TV Watch: As the "Downton Abbey" season draws to a close, do we have to wonder if we're seeing the real thing?
As we arrive at the end of the third season of Downton Abbey (well, not actually; if I've got this right, we saw that last week, and what we're seeing tonight -- or whenever our local PBS outlets get around to it -- is the post-Season 3 2012 "Christmas Special"), I have to admit that I'm coming late to a controversy that has been festering online now for, well, all three seasons: the reediting of the show for U.S. airwaves. All I can say in my defense is that I try not to spend a lot of time hanging out among the online TV crazies.
In this case, though, they've finally got my attention. In good part, I guess, I was put off the trail by what now seem clearly to have been out-and-out lies about the editing that has been done. I was aware that in the U.S. we've been seeing the show in different numbers of episodes of different lengths from what was shown in the U.K., but I was led to believe that it was just a question of trimming some bits of extra-length treatment of issues likely to be of interest only to British viewers, like the inheritance issue that underlay the whole shebang: the legal impossibility of either the Grantham earldom or any part of the Downton estate being passed on to any of the three daughters of Lord and Lady Grantham (Hugh Bonneville and Elizabeth McGovern) -- an outrage compounded by the fact that such assets as remained in the estate had been salvaged by means of the money brought to it in marriage by the American-born Lady Grantham. And hey, it wasn't hard to imagine that the trims involved tediously endless discussion of British inheritance law which only a Brit could love.
Not at all the case, alas. It turns out that, in the name of refitting the series to the planned U.S. time-slot scheme, the entire thing has been reedited, involving not just occasional trimming of tiresome Brits yammering tiresomelessly about male-only inheritance, but cuts all over the place, including large numbers of entire scenes. If I had actually done the math, I would have realized that the time difference was most unlikely to be accounted for by a snip here and a snip there. I guess it just never occurred to me that the U.S. presenters would have the nerve to present us such a transformed product under such barefacedly dishonest premises.
Let me add at once that I'm not yet in a position to comment definitively on the force of the transformation, since I haven't seen the untampered enterprise. Maybe all those online TV crazies who are crying bloody murder are just the usual obsessives who will cry bloody murder over the merest paper cut on the basis that they happen to have discovered it. They're not known for much sense of proportion, those online TV crazies.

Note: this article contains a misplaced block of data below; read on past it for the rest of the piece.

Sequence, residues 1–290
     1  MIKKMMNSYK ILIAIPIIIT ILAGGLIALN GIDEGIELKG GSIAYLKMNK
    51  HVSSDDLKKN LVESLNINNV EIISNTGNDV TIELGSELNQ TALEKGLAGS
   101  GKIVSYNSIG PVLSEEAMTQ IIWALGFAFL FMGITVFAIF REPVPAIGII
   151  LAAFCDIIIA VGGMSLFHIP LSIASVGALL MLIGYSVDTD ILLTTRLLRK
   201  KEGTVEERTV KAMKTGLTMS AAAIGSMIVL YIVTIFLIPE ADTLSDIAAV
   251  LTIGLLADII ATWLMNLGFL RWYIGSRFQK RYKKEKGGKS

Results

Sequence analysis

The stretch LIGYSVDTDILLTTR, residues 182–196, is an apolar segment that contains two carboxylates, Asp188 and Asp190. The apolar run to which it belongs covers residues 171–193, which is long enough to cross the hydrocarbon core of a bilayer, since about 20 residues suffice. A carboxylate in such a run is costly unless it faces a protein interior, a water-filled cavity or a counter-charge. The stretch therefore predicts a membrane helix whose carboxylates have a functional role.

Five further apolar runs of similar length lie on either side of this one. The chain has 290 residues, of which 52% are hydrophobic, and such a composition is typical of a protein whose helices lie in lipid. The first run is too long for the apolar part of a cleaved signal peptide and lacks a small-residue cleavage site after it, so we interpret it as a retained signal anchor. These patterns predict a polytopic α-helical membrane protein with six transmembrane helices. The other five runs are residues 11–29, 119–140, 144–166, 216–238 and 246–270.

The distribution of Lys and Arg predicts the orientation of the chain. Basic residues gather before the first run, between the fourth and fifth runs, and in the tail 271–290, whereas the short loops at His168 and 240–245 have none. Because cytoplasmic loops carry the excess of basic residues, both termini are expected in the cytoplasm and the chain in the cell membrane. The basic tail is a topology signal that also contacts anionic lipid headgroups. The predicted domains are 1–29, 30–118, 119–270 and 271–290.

But now that I've lost my innocence on the subject of the reediting, I'm forced into a state of suspension of judgment by two factors:
* First, there's the obvious quantitative difference. I'm not going to quote you the raw numbers, because that will get my head spinning, and it's complicated by the fact that Britain's ITV, unlike PBS, is a commercial network. But among the online testimonies are any number of recountings of the kinds of things that have been cut, and on the face of it I find them pretty astonishing. It sure makes a person wonder how it can be said that we're seeing the same show.
* Second, there's my own response, recorded here more than once, that while I like Downton Abbey, it doesn't seem to me as spellbindingly magnificent as a lot of viewers have seemed to think. In part that response has rested on the sense that it's okay but nothing special just as a piece of storytelling. Which means that it at least could make a significant difference knowing that what we're seeing isn't in fact the way the story was told in its homeland. There's at least the possibility that the story was actually told by its creators, chiefly series creator-writer Julian Fellowes, in a significantly more involving and persuasive way.
It will be fairly easy and perhaps even pleasurable to find out, since the "Original U.K. Edition" is readily available on DVD and BluRay even in U.S.-playable format. I do resent, though, that I will have to go to the trouble and expense of acquiring the show in that form, not to mention the lack of candor on the part of PBS which has thus far made me unaware of the need to do so.